Agro-industries of Western NY contributes to the US economy in diverse ways. Among these are dairy, poultry, cheese, tofu and Greek Yogurt plants whose processes discharge effluents high in pollutants such as NH3, PO4, NO3, and Fe which adversely affect aquatic systems and the watershed if discharged untreated. Waste hauling causes an economic burden to industries as WWTPs remain restrictive to these effluents, but Algae Remediation Technology provides a sustainable alternative to treating agricultural wastewaters onsite. This study sampled, assessed and treated effluents from selected production plants within NY State with various algae. The research applied free suspended Algae technology to treat food-based waste waters that have pollutant levels exceeding USEPA limits. While Botyroccocus sp and Chlorella sp reduced 99% of NO3 from Synergy’s dairy and bio digester effluents within 5 days residence time, all algae species removed 75% of phosphorus within 5 days Residence Time (RT). Nostoc sp removed 98% NO3 from Kreher farm’s Egg wash effluents but moderately removed PO4 within 6 days RT while Anabaena and Chlorella sp impressively removed 90% PO4 and over 90% NO3 within an average of 3 and 12-days RT respectively. Tofu, cheese, and Greek yogurt whey all achieved bioremediation targets in less than 15 days RT. Post-treatment biomass harvested contained triglycerides and FFA fraction. Ultrasonication did not influence lipids, glucose and methane yields. Chlorella sp showed an avg 27g/L sugar yield compared to coffee and other algae biomass which yielded only avg 10g/L sugars. Lipid or lipid-sugar extractions from biomass increased Bio methane potential (BMP) by 1 and 5-fold respectively to 10ml meth/gVS and 25ml meth/g VS. Analysis and results indicate that algae are effective at reducing pollutants in agro-industrial effluents while producing high quality biomass for bioenergy purpose.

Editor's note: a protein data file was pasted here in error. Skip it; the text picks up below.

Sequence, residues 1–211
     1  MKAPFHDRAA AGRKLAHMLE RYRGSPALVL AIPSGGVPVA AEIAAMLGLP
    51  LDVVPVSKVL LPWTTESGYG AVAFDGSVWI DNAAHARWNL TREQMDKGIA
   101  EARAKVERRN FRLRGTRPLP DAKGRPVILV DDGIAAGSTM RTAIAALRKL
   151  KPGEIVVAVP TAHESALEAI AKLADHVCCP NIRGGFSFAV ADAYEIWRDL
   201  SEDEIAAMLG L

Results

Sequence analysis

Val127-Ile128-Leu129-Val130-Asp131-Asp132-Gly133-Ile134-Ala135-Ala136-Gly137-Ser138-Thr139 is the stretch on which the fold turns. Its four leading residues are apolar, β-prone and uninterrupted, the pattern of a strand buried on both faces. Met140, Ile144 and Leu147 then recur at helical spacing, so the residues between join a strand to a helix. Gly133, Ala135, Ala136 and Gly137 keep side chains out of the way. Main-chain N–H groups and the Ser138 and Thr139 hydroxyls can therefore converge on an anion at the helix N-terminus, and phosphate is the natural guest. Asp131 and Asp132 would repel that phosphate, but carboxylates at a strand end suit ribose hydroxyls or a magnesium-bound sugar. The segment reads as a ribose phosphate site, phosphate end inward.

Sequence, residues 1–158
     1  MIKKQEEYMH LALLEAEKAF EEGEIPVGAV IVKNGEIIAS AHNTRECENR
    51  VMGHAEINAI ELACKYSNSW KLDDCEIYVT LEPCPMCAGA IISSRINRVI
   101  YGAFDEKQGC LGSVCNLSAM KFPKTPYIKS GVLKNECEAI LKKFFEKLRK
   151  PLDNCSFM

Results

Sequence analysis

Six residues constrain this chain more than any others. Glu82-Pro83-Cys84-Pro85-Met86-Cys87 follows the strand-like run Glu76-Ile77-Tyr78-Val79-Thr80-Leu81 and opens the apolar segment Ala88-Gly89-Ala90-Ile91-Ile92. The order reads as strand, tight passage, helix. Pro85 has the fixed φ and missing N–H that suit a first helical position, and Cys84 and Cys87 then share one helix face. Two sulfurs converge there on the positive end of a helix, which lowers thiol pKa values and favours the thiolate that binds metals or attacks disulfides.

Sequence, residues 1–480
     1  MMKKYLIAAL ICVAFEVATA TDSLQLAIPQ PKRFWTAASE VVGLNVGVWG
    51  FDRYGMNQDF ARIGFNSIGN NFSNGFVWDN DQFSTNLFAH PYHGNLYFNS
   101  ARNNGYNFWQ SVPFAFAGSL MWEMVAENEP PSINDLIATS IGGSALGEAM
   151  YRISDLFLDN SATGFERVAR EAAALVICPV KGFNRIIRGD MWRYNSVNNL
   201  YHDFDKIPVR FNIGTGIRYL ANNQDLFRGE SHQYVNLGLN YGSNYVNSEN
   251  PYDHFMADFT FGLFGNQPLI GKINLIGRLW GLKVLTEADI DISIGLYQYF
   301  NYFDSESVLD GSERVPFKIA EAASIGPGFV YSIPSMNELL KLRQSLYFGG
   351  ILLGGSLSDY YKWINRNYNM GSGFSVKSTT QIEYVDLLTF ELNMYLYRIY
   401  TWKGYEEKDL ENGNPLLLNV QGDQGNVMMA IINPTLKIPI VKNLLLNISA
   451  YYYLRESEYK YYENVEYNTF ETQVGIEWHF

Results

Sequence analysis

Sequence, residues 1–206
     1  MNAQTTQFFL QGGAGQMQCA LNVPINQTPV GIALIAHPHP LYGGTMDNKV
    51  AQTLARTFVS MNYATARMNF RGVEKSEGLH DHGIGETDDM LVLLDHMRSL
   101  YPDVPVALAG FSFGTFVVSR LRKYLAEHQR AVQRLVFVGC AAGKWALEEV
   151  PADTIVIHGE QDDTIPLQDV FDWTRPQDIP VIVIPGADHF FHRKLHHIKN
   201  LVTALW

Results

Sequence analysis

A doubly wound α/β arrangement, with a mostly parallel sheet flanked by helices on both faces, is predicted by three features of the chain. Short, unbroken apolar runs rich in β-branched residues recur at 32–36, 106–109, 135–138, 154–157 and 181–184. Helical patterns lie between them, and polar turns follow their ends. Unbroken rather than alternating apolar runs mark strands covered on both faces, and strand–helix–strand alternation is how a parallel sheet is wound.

Library of Congress Subject Headings
Microalgae--Biotechnology; Biomass energy; Agricultural industries--Environmental aspects--New York (State), Western; Sewage--Purification
Environmental Science (MS)
Department, Program, or Center
Thomas H. Gosnell School of Life Sciences (COS)
Anini Baah, Daniel, "Using Microalgae to Remediate Food and Bio-Digester Effluents from Western New York Agro Industries and Prospecting Harvested Algae Biomass for Biofuel Feedstocks" (2018). Thesis. Rochester Institute of Technology. Accessed from
RIT – Main Campus